|Mongoose lemur (Eulemur mongoz)|
Simons and Rumpler, 1988
The fur of the true lemurs is long and usually reddish-brown. Often there is sexual dimorphism in coloration (sexual dichromatism), such as in the black lemur. True lemurs are from 30 to 50 cm in length, with a tail that is as long or significantly longer than the body. They weigh from two to four kg.
True lemurs are predominantly diurnal forest inhabitants, with some species preferring rain forests, while others live in dry forests. They are skillful climbers and can cross large distances in trees by jumping, using their non-prehensile tails to aid in balancing. When on the ground, they move almost exclusively on all four legs. True lemurs are social animals and live together in groups of two to 15 members.
The diet of the true lemurs is almost exclusively herbivorous: flowers, fruits and leaves. In captivity, they have been shown to also eat insects.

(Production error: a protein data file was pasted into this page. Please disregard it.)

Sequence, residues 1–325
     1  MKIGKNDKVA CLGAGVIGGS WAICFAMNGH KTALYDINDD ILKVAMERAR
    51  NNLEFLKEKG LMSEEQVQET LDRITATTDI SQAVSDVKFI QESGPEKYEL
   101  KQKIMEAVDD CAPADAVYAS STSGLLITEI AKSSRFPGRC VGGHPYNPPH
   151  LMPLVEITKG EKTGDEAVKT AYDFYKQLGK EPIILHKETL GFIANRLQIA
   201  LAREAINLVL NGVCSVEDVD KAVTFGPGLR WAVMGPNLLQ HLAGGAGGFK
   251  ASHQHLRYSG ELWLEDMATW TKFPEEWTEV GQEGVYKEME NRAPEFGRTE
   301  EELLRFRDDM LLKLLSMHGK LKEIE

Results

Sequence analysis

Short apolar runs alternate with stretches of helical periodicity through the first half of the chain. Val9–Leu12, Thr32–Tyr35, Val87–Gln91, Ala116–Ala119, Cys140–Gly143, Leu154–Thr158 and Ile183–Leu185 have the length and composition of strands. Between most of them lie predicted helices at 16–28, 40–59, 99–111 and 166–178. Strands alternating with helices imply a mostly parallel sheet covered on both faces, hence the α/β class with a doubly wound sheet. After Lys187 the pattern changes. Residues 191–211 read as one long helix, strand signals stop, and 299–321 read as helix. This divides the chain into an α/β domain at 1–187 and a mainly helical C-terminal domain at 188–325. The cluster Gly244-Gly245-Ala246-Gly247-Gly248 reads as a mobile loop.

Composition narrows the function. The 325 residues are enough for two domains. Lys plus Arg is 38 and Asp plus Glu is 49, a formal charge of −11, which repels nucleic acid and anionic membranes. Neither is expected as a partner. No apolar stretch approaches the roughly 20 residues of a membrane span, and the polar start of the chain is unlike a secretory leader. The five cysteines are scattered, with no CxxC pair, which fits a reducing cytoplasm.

Gestation is 125 days. During the summer or early fall (shortly before the beginning of the rainy season), the females birth their young, usually two offspring. The young clasp firmly to the fur of their mother, then ride on her back when they are older. After about five months they are weaned, and they are fully mature at about 18 months of age. The life expectancy of the true lemurs can be up to 18 years, but this can be longer in captivity.
- Genus Eulemur
- Common brown lemur, Eulemur fulvus
- Sanford's brown lemur, Eulemur sanfordi
- White-headed lemur, Eulemur albifrons
- Red lemur, Eulemur rufus
- Red-fronted lemur, Eulemur rufifrons
- Collared brown lemur, Eulemur collaris
- Gray-headed lemur, Eulemur cinereiceps
- Black lemur, Eulemur macaco
- Sclater's lemur, Eulemur flavifrons
- Crowned lemur, Eulemur coronatus
- Red-bellied lemur, Eulemur rubriventer
- Mongoose lemur, Eulemur mongoz
|Wikispecies has information related to: True lemur|
- ARKive - images and movies of the collared brown lemur (Eulemur collaris)
- Primate Info Net Eulemur Factsheets
- Markolf, M. and P. M. Kappeler. (2013). Phylogeographic analysis of the true lemurs (genus Eulemur) underlines the role of river catchments for the evolution of micro-endemism in Madagascar. Frontiers in Zoology 10:70.